Our breakneck electronic workplace is eroding our ability to talk and listen. So says communications expert Sonya Hamlin in her new book, How to Talk So People Listen, suggesting in so many words that we may all wind up as blithering idiots.
Hamlin's argument rings true. Electronic communications could turn us into a race of dumb-clucks because we all need to keep practising the art of conversation - spend a week alone and discover how hard it is to get your mind and mouth back into gear and spark up a discussion. I speak as someone who works from home and rarely makes phone calls, which must affect my ability to meld one sentence with another. But I have an excuse for my Trappist behaviour, namely impatience with the time that telephone dialogues consume as digression after digression unravels - often just to
hide embarrassment and fill silences. If I never become entangled in another voice telephone conversation I doubt I'll miss the experience.
This is all the more true since I text just about everyone I know, despite - or because of - the exacting 160-character limit, which drove one newspaper to set up an SMS haiku competition. Even if it contains mangled prose peppered with daft emoticons, receiving a text is an alluring moment and all the more fun for the way it's announced by a discreet cheep or throb in your pocket. I so much prefer that kind of alert to the nagging wail of a landline call.
SMS messages beat calls to your mobile phone, too, because nine times out of 10, especially in a city such as Hong Kong, you cannot hear what's being said. You have to shout, making everyone around want to wrest the phone from your hand and stomp on it.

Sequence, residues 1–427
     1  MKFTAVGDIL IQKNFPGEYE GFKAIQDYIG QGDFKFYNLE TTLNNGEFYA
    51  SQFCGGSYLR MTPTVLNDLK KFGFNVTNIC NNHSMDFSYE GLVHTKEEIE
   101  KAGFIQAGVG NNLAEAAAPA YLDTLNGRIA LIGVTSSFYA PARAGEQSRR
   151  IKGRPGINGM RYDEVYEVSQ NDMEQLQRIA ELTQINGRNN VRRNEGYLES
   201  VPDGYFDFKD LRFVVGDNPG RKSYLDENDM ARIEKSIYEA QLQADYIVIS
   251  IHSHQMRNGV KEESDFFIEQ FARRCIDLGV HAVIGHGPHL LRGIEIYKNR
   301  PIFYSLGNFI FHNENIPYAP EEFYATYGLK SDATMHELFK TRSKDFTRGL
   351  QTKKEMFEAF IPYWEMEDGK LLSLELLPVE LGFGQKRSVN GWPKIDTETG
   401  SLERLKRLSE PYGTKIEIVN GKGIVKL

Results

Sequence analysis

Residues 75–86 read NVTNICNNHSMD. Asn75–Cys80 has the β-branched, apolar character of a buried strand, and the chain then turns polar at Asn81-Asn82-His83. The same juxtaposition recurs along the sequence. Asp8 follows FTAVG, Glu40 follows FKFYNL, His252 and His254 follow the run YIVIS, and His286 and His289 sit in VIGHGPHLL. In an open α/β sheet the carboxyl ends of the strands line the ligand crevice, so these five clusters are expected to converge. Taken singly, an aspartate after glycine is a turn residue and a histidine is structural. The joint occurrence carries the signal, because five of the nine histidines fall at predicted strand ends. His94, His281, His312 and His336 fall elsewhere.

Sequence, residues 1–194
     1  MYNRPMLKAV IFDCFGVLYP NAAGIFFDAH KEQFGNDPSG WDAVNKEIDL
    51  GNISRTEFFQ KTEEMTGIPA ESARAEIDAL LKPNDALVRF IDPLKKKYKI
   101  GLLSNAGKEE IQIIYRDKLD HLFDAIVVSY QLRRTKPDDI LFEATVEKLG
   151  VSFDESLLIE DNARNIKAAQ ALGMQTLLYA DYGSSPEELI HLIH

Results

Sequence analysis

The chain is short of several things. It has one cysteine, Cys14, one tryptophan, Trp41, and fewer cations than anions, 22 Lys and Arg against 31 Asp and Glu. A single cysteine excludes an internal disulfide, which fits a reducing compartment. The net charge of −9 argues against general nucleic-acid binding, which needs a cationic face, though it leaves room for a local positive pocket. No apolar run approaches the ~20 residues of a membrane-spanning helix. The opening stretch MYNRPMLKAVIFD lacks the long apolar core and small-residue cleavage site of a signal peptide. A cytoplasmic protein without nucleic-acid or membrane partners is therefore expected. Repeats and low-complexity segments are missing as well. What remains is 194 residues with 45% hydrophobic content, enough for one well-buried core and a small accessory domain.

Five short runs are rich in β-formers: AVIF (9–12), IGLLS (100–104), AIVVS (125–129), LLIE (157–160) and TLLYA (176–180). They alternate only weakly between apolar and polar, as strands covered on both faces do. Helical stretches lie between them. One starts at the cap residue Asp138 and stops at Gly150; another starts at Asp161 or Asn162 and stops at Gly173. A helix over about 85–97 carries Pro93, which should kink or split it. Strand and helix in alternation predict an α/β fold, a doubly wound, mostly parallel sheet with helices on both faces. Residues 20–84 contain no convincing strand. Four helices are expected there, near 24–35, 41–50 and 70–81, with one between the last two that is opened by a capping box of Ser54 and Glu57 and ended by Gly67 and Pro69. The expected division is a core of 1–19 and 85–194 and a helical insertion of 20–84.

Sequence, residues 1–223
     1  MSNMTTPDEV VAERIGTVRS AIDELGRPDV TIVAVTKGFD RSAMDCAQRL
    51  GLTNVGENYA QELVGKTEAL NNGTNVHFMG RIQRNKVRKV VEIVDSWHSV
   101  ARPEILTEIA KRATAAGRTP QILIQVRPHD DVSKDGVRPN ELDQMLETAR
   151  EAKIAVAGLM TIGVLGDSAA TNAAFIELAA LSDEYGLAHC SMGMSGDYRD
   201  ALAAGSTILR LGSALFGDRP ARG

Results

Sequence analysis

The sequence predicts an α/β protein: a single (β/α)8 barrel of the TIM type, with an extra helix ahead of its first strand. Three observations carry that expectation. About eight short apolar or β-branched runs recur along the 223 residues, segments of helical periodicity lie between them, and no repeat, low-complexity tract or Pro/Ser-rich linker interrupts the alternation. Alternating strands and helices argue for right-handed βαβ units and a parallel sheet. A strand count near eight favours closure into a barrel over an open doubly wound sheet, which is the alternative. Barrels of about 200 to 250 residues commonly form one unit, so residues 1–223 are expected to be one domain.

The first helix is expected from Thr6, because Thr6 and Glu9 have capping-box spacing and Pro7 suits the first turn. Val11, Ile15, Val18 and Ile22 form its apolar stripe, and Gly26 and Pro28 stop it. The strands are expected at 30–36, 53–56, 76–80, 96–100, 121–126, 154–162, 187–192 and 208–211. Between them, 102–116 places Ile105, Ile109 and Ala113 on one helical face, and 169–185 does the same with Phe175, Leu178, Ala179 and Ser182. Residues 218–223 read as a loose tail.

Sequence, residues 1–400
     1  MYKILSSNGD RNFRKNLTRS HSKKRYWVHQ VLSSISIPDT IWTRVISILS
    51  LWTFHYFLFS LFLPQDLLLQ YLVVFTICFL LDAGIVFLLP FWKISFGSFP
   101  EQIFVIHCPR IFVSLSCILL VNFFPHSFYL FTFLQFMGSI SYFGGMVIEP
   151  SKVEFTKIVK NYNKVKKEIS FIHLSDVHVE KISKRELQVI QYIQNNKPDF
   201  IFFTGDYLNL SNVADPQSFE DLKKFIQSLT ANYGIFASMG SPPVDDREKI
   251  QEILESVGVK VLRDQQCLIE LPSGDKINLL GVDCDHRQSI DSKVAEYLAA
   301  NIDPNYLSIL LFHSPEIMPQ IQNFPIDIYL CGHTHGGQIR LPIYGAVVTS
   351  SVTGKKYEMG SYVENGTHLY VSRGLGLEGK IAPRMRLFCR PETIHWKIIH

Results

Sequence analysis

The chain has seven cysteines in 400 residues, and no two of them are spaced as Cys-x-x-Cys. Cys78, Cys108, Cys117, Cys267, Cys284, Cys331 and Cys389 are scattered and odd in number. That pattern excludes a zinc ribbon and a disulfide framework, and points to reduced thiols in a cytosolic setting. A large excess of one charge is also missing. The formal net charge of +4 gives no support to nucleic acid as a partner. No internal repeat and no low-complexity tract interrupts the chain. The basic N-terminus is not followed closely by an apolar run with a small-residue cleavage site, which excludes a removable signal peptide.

Discreet and discrete, texted information is perfect for making arrangements. It means you know exactly where you are and need to be; nothing is liable to be lost in translation. What's more, texting can be enthralling. In London, especially, you see people everywhere smiling at their glowing screens in solipsistic mobile-phone reverie as their thumbs instinctively react to events.
The communication adds as much to our lives as e-mail and Wikipedia. Nonetheless, it has one fatal
flaw that almost makes me want to decommission my mobile - an outrageous idea in Hong Kong, which has 8 million mobile-phone subscribers, more than the city's total population.
The rub is its ability to inspire that dangerous, deranged application known as 'tequila texting'. That phrase, itself imbued with classic SMS compactness, means a drunken missive to an old significant other or would-be squeeze. Typically, the tequila text contains some heavy, regrettable sentiment such as a declaration of love. Or it may just be a 'hi' that triggers complications.
Sound familiar? We've all unleashed an SMS that should never have made the leap from thought to digital dispatch. If you haven't, you will, because the temptation can be overpowering when your brain is as fogged up as a bathroom mirror. A few quick taps with your thumb or stylus and whoosh.
The sense of release soon gives way to embarrassment or even shame. To stop yourself falling into the trap you need a personal assistant to advise you, the way a slave would whisper in a conquering Roman general's ear: 'Remember you must die.'
If you do not have a PA to wrest your mobile from your hand, take personal action: delete the number of that person who plays on your mind like a catchy but trashy chart hit. Do it now, before you wind up looking idiotic.